people of Eugene and those living
along the branch for better rail serv
ice. Mr. Roth met the committee, from
the chamber of commerce, consisting;
of L. E. Bean, "W. P. Fell and D. E.
Voran. For a year or more Oakridge
service has been limited to a train
every other day. This is a mixed
freight and passenger train.
VANCOUVER, Wash., Oct. 23. (Spe
cial.) A total of $3000 is needed by
the Young W omen s Christian -Asso
ciation of Vancouver to pay operat
ing expenses for the remainder of this
year and all of 1920. A campaign to
raise this amount was started today
and 50 women captains began to so
licit every part of the city. The cam
paign will end Saturday night.
Vancouver working girls have
pledged S2S2. Mrs. Charles W. Hall
is president of the local Y. W. C. A.
and Mrs. R. H. Back, wife of Judge
R. H. Back of the superior court of
Clarke county, is chairman of the
finance committee. Miss Gertrude
Burns, secretary, outlined the work
at a meeting held yesterday. Miss
Lois Deihl, field secretary of this
district, comprising Washington, Ore
gon, Montana and Idaho, who la here
for the campaign, told how other
cities are supporting Y. W. C. A. or
ganizations. The Y. XV. C. A. has leased com
modious quarters on. the second floor
of a brick building at the southeast
corner of Main and Seventh streets.
Rest rooms and reading matter have,
been provided and a tasty luncheon is
served at cost daily to girls.
The budget shows how the money is
to be spent: Headquarters' expense,
$7S9; office and publicity, $175; salary
of secretary, $1200; national support,
$300; conferences, $75; equipment,
$213; insurance, $15, and club work,
Man Arrested at Seatle on Arrival
From Cordova, Alaska.
SEATTLE, Wash.. Oct. 23. On a
warrant from Cordova, Alaska,
charging him with grand larceny,
Seattle police today arrested Freder
ick R. Gutierrez on bis arrival on
the steamer Northwestern.
No information was obtainable
here tonight as to the details of the
charge against Gutierrez, who -will be
held pending further advices from
the northern town.
Coos and Curry County Society
Will Seek to Prevent Recurrence.
NORTH BEND, Or., Oct. 23. (Spe
cial.) The Coos and Curry county
medical society has arranged to hold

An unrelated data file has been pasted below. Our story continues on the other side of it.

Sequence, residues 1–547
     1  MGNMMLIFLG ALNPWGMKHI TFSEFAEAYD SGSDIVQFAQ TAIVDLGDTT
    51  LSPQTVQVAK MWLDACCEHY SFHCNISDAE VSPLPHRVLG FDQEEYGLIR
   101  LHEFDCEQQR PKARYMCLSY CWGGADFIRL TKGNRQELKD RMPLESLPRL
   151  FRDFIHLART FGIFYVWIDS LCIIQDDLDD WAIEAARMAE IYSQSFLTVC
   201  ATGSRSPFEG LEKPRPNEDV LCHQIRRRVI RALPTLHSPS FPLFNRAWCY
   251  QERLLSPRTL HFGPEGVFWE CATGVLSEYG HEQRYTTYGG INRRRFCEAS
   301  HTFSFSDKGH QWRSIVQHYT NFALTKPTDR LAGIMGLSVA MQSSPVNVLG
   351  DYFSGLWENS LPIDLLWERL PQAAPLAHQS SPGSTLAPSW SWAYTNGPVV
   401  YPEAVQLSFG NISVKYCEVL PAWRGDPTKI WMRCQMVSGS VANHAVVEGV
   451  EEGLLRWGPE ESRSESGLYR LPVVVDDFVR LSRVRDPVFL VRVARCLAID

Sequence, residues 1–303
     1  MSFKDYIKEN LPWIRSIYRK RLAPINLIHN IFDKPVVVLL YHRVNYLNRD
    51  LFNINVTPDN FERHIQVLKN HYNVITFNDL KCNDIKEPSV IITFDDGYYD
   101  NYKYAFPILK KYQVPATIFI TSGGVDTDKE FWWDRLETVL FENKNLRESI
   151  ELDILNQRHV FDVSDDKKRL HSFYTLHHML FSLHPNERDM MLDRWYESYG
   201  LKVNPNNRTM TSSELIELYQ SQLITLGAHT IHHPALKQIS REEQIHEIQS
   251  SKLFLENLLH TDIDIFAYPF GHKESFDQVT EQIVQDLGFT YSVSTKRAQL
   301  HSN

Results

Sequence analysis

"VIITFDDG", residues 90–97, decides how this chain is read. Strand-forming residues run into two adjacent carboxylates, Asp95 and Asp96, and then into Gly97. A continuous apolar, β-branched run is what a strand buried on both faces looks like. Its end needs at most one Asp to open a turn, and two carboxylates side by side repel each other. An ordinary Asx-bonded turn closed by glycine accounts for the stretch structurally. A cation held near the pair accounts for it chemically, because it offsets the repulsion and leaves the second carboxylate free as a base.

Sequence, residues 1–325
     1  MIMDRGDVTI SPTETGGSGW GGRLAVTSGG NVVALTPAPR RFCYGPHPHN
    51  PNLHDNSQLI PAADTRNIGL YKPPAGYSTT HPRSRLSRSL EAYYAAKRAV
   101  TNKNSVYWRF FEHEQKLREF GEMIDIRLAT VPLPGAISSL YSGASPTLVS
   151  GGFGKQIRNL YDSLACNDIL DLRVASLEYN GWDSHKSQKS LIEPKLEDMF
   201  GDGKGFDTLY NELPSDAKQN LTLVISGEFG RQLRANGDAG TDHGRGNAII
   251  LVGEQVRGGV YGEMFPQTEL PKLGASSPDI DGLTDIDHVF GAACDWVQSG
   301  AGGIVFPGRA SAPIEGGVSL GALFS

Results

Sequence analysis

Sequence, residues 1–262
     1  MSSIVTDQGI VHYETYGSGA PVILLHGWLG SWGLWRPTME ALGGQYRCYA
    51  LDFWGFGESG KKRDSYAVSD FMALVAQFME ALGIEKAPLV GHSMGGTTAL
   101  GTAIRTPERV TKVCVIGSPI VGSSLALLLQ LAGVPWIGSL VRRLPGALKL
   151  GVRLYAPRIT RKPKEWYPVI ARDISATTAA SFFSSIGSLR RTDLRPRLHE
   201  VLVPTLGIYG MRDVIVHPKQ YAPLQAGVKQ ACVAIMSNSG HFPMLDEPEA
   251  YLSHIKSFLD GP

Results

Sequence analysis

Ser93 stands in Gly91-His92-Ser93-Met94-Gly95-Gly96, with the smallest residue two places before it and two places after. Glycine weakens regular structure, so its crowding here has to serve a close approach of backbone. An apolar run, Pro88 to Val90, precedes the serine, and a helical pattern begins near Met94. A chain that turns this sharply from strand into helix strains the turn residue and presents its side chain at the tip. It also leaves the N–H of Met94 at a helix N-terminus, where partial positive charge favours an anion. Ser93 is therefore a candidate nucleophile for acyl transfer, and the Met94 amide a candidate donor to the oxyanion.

a special meeting at Marshfleld next
Saturday night to discuss informally
problems of members of the profes
sion. Means of preventing a recur
rence of the Spanish influenza and its
attendant dangerous complications
will be especially considered by the
meeting. Dr. Deimer. X-ray special
ist of Portland, and Dr. George F.
Cathey, a specialist in brain diseases
and bacteriology, also of Portland,
will deliver the principal addresses of
the occasion. -
As most of the physicians of the
two counties have signified their in
tention of attending a large attend
ance is expected.
Number of Conventions Are Com'
lng During Xext Year.
VANCOUVER, Wash.. Oct. 23.
(Special.) Vancouver will be a con
vention city next year. More conven
tions will be held here in 1920 than
in any three years before.
The Elks will hold their etate con
Washington. State Senator Passes
Away at Tacoma.
TACOMA, Wash., Oct. 23. State
Senator Wilburn Fairchtld died here
today after a short illness. He had
been a member of the state senate
since 1912 and was prominent In rail
way union ranks.
Mr. Fairchild had been a resident
tt W'nsiiiiiirtnn inoA IflJJS an.4 n -
cne of the oldest conductors on the
iortnern pacific system in this state.
Creswell Cattle Shipped South.
EUGENE. Or.. Oct. 23. (Special.)
L. H. Linharger, well-known cattle
buyer of Orland, Cal., who has been
operating in this section of the state
for a number of years past, yester
day shipped zoo head or cattle from
Creswell to Ukiah, Cal., where they
will be fed and sold later to buyers
in that state.
Eugene-Goshcn Paving Done.
EUGENE, Or., Oct- 23. (Special.)
The pavement on the Pacific high
way between Eugene and Goshen, a
distance of five miles, was completed
yesterday by Guy Pyle, the contractor.
Get instant relief with
Tape's Cold Compound'
Don't stay stuffed-up! Quit blow
ing and snuffling! A dose of "Pape's
Cold Compound" taken every two
hours until three doses are taken
usually breaks up a cold and ends all
grippe misery.
ine very nrsi aose opens your
cloggod-up nostrils and the air pas
sages oi your neaa; stops nose run
ring; relieves the headache, dullness.
feverishness, sneezing, soreness, stiff
rapes Cold Compound is the
quickest, surest relief known and
costs only a few cents at drug stores.
It acts without assistance. Tastes
nice. Contains no quinine. Insist on
rape s: aov.
Car of Lane County Wool Sold.
EUGENE. Or., Oct. 23. (Special.)
A carload of Lane county wool was